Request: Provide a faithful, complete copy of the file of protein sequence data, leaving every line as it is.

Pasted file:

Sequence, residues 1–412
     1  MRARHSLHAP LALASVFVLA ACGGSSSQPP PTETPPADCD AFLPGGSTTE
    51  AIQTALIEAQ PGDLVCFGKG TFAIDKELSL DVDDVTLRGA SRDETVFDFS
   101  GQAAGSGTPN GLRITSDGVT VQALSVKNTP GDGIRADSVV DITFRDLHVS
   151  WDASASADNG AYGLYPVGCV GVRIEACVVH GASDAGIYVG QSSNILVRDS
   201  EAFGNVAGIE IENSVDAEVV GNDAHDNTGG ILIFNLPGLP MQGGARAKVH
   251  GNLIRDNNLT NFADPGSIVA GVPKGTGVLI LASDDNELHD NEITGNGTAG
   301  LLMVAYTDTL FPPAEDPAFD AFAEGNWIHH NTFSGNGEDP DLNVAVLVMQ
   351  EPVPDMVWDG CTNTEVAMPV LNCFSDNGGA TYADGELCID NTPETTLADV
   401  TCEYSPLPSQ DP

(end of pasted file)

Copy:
Sequence, residues 1–412
     1  MRARHSLHAP LALASVFVLA ACGGSSSQPP PTETPPADCD AFLPGGSTTE
    51  AIQTALIEAQ PGDLVCFGKG TFAIDKELSL DVDDVTLRGA SRDETVFDFS
   101  GQAAGSGTPN GLRITSDGVT VQALSVKNTP GDGIRADSVV DITFRDLHVS
   151  WDASASADNG AYGLYPVGCV GVRIEACVVH GASDAGIYVG QSSNILVRDS
   201  EAFGNVAGIE IENSVDAEVV GNDAHDNTGG ILIFNLPGLP MQGGARAKVH
   251  GNLIRDNNLT NFADPGSIVA GVPKGTGVLI LASDDNELHD NEITGNGTAG
   301  LLMVAYTDTL FPPAEDPAFD AFAEGNWIHH NTFSGNGEDP DLNVAVLVMQ
   351  EPVPDMVWDG CTNTEVAMPV LNCFSDNGGA TYADGELCID NTPETTLADV
   401  TCEYSPLPSQ DP